The FAQ is problematic as RAW The FAQ is updated without announcement or fanfare, which makes it difficult to track over time. Unless one is actively involved in the Pathfinder community, this means that the rules may change without you knowing about it, and it may do so often. Official errata is a bigger deal, which gets more attention. It also tends to ...


5

Yes, it changes the spell level so it works Heighten Spell is unique amongst metamagic feats in that it increases the effective spell level. So yes, preparing a heightened lightning bolt to 7th level is a 7th level spell for all purposes, including reserve feats. Assuming she has 7th level spell slots to do this, it works. And while it's hardly the most ...


5

Go with it. Let it happen. Have them roll a will save (equal to say 15 + the number of pearls) and for every number under the DC they roll, that spell will cast at a random target. After all, the caster is recalling quite a few spells at once which is not something they can normally do, it should require a check and have consequences for failure. I'm ...


5

Maybe my interpretation is off, but I never considered flanking to be about "where" you strike a foe, but about the fact that they can't watch both of you at the same time. Making an attack against an opponent that can't see you to react is the source of the bonus. This is consistent with the rule for All-Around Vision. This means it's perfectly reasonable ...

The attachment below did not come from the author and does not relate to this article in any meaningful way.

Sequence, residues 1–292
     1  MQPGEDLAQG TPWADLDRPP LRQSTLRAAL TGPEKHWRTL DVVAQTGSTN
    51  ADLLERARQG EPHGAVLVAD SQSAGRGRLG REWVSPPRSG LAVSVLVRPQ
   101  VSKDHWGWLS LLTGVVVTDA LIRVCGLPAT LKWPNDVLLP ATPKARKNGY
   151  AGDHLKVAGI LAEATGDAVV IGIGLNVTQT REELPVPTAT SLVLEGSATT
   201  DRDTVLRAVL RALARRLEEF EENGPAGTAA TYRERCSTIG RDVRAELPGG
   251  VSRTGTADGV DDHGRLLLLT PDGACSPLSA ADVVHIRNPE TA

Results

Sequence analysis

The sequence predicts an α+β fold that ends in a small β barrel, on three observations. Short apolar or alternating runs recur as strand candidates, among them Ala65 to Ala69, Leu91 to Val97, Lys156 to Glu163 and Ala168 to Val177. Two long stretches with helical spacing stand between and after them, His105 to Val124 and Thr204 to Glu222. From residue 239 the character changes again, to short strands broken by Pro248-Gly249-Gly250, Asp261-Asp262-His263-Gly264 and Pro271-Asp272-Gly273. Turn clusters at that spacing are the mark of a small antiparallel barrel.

4

Continued forced march or hustling deals non-lethal damage if you fail the required constitution check. Normally, receiving non-lethal damage this way would cause you to become fatigued, which would be prevented by extreme endurance. This would not, however, prevent the non-lethal damage from piling up and eventually putting you out of commission. As for ...


4

Scaling is hard. D&D, and most other RPG systems, are designed for human sized creatures. Get too far away from the average, and weird stuff starts to happen. In D&D, but also in any other system that tries to model scale (except maybe Fudge? I recall that these scale issues were a big part of the inspiration for that). If you really want to handle ...


4